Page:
I'd like to make a few observations regarding the word "ha."

Thanks to Chris Matthews, the engaging yet often bombastic host of "Hardball" on MSNBC, this laughable little term has popped into the media lexicon. Every time Matthews shouts "Ha!" his guests seem genuinely startled, much as they would if the host inadvertently let out a loud belch during the interview.

When former Governor Mike Huckabee said he was working on a list of rivals he'd like to make disappear, Matthews responded: "Ha!" When Virginia Republican Kate Obenshain confirmed she would never vote for a Democrat, Matthews replied: "Ha!" And when Barack Obama conceded he wasn't much of a bowler, Matthews knocked him over with a forceful: "Ha!"

Webster's New World says ha is, "an exclamation of wonder, surprise, anger, triumph, etc." - which covers quite a lot of territory.

Writers often use "ha, ha, ha" when alluding to a laugh, but genuine laughter can't really be written out, just as you can't spell the sound of a sneeze, which is why writers settle for "ah-choo." In fact, if you were to say the sounds "ha, ha" it would convey sarcasm - sort of like saying, "yeah, right."

On the other hand, you might say, "ah, ha." But that's not an expression of mirth, it's an announcement of discovery, best delivered emphatically: "Ah, ha!"

There is a sly dramatic laugh usually written, "heh, heh, heh." But that expression is most often used by cartoon characters.

Jackie Gleason, in his Ralph Kramden role, was fond of bellowing, "Har-har-hardy, har-har!" Alas, you don't hear that much anymore.

Whenever Santa Claus laughs, it's a jolly "ho, ho, ho." But as Don Imus proved, a broadcaster can get in serious trouble if he misapplies "Ho!"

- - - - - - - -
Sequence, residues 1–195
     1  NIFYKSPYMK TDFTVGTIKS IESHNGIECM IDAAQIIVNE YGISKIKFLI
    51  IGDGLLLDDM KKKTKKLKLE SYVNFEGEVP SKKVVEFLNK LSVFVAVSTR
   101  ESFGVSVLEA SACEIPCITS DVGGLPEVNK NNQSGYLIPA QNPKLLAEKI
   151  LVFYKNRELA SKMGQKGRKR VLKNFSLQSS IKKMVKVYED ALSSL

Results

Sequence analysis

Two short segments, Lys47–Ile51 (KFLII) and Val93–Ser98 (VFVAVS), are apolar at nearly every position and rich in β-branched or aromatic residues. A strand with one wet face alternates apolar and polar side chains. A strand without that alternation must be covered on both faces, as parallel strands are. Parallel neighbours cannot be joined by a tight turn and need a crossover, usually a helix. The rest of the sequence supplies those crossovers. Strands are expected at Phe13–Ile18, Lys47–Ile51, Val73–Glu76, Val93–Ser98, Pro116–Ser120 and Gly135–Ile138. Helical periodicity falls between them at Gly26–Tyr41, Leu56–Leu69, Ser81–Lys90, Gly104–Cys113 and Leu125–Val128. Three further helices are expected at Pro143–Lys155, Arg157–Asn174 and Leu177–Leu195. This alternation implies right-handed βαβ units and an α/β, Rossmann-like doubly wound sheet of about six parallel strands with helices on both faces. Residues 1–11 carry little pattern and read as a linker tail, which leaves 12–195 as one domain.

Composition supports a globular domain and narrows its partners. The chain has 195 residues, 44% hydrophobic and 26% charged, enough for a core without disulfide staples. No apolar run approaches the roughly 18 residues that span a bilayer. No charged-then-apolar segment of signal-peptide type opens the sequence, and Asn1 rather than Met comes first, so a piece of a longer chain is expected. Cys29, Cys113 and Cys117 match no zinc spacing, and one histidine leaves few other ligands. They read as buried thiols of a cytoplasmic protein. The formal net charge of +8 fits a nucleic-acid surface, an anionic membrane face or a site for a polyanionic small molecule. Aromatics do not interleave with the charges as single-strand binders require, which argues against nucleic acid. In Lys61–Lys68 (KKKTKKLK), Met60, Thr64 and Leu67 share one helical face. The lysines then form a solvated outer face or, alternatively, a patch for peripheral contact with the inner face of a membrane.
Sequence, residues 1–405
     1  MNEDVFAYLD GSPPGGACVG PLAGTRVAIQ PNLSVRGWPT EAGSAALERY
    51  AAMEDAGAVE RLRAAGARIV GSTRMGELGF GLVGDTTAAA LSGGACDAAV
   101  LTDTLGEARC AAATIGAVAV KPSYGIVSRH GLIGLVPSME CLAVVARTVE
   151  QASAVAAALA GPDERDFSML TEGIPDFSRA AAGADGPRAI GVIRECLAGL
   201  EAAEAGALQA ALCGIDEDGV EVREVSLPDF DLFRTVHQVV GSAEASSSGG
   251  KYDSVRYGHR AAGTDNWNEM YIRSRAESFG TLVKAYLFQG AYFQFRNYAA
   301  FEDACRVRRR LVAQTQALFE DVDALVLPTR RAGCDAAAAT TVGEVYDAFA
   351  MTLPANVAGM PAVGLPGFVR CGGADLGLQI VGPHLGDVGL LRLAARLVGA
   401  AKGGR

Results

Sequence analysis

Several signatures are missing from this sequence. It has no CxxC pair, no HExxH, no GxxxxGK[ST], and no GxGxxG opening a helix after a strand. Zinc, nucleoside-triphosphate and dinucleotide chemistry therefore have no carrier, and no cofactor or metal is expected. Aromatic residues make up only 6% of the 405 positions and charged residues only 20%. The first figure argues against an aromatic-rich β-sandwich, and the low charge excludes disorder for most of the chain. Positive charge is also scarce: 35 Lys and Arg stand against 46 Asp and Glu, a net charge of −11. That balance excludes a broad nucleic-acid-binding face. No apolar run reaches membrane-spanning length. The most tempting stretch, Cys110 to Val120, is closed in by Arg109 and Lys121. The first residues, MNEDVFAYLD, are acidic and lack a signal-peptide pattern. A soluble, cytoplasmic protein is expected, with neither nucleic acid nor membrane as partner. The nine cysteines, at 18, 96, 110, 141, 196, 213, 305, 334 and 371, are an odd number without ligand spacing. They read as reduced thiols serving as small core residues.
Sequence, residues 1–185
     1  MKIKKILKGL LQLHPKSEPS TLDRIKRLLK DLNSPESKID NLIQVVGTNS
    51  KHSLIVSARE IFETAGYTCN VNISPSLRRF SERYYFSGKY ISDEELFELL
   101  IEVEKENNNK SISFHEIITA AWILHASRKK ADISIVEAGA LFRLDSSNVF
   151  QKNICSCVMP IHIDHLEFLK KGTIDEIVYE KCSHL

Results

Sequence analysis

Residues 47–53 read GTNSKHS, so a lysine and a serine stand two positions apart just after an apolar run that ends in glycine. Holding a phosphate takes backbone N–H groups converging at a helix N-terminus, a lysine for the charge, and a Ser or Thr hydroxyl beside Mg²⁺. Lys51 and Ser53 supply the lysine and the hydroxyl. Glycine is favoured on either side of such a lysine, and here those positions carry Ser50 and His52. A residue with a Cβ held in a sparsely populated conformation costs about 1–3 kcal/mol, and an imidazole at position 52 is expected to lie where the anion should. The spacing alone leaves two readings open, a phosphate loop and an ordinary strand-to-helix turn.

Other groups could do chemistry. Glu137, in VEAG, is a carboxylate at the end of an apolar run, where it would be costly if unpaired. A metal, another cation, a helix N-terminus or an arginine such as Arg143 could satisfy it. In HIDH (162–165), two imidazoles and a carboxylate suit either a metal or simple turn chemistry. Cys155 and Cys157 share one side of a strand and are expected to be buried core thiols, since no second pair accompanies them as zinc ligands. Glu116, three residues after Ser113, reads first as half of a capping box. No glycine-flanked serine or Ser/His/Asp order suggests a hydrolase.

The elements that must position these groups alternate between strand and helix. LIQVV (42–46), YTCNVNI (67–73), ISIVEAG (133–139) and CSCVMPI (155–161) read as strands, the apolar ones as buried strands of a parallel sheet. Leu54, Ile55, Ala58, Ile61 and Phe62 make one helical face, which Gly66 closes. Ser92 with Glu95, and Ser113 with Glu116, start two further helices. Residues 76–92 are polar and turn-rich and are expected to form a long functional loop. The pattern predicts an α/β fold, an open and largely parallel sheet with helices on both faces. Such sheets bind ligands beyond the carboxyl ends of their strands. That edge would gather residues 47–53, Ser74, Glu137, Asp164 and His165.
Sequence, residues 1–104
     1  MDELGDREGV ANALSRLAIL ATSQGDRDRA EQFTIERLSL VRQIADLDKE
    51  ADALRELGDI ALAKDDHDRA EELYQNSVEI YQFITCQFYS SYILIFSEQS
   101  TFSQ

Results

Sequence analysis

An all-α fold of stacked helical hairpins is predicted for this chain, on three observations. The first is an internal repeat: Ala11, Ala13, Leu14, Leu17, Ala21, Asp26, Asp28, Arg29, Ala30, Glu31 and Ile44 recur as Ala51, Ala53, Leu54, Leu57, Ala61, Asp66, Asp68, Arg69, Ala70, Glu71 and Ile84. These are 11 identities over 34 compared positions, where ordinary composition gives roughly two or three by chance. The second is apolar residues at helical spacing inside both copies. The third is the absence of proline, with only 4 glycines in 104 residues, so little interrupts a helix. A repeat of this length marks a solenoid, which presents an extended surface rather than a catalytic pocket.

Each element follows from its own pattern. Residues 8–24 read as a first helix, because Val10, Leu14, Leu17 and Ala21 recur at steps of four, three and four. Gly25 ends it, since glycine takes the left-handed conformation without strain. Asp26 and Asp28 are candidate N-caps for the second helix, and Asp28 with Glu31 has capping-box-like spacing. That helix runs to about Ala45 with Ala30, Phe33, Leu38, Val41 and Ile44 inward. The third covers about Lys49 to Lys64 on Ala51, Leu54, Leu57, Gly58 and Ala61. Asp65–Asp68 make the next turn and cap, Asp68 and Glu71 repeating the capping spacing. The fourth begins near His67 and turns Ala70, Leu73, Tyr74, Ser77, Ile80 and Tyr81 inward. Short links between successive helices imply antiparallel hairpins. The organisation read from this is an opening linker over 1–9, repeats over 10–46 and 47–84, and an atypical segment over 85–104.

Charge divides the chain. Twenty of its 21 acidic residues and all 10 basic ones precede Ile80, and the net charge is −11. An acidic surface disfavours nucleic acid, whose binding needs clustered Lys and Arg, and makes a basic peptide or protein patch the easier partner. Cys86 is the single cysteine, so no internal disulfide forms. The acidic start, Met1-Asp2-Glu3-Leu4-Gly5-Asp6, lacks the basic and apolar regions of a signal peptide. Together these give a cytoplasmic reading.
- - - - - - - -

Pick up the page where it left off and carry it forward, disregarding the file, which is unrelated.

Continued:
Maybe it was all the discussion about Hillary Clinton's "cackle" - much of it by the "Hardball" gang - that inspired Matthews to be more daring in his use of "Ha!" At first it was difficult to tell if it was more a bodily function, like a yawn, but lately it's clear that Matthews uses his pet utterance as a tool to punctuate conversation.

I never paid much attention to the word ha until a few weeks ago when I sent a column to an editor at The Chicago Tribune, and she e-mailed back, "Ha!" - which I took to mean she liked it. Then I sent the piece to a friend in Massachusetts and, believe it or not, his feedback also began, "Ha!" And the thing is, the column never even mentioned Chris Matthews.

For years when Matthews let out a "Ha!" it appeared in MSNBC's transcripts only as "(laughter)." Nowadays the transcripts actually say: "MATTHEWS: Ha!"

When Pennsylvania Rep. Jack Murtha was a guest, Matthews used it to cut him off in mid-sentence. That's when I realized he has perfected more than one “Ha!” There's the genuine-laugh "Ha!"; the fake-laugh "Ha!"; plus the wait-just-a-darn-minute "Ha!" - the one he used on Murtha.

I'm not suggesting Matthews has the social influence of, say, "Seinfeld," which taught many of us to say, "yada, yada, yada." But as the campaign drags on through the summer, I imagine you'll being hearing "Ha!" with surprising frequency.

And what would Chris Matthews say about these disclosures? If you don’t know, you haven’t been reading carefully. “Ha!”

© Peter Funt. This column first appeared in The Monterey Herald.


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